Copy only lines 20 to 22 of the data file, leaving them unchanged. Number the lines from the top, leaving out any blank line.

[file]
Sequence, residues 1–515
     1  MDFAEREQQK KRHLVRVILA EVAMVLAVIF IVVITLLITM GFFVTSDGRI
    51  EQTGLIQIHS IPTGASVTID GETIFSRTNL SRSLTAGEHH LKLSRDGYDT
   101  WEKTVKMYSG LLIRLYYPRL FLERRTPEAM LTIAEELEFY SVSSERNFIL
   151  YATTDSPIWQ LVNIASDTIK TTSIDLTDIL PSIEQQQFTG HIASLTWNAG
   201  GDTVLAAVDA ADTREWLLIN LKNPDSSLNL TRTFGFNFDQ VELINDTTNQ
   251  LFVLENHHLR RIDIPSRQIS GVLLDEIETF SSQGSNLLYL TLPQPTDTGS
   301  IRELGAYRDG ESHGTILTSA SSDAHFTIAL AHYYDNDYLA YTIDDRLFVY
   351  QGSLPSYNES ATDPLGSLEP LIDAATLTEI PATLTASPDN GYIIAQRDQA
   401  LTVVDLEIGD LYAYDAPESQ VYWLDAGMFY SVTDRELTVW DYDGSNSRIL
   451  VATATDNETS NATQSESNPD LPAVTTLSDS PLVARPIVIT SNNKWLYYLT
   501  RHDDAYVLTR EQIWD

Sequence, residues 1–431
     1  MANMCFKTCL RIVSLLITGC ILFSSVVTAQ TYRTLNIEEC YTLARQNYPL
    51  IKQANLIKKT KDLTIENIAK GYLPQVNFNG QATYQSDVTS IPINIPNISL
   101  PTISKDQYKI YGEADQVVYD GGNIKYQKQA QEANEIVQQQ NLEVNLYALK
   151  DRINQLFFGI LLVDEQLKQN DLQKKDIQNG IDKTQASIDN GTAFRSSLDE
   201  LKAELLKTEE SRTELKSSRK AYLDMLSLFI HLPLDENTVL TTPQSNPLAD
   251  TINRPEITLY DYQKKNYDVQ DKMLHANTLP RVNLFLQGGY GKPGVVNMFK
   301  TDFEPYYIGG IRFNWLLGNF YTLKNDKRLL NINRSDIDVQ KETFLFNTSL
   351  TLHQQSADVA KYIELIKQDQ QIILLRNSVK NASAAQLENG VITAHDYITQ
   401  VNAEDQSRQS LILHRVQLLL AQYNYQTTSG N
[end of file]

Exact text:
   301  TDFEPYYIGG IRFNWLLGNF YTLKNDKRLL NINRSDIDVQ KETFLFNTSL
   351  TLHQQSADVA KYIELIKQDQ QIILLRNSVK NASAAQLENG VITAHDYITQ
   401  VNAEDQSRQS LILHRVQLLL AQYNYQTTSG N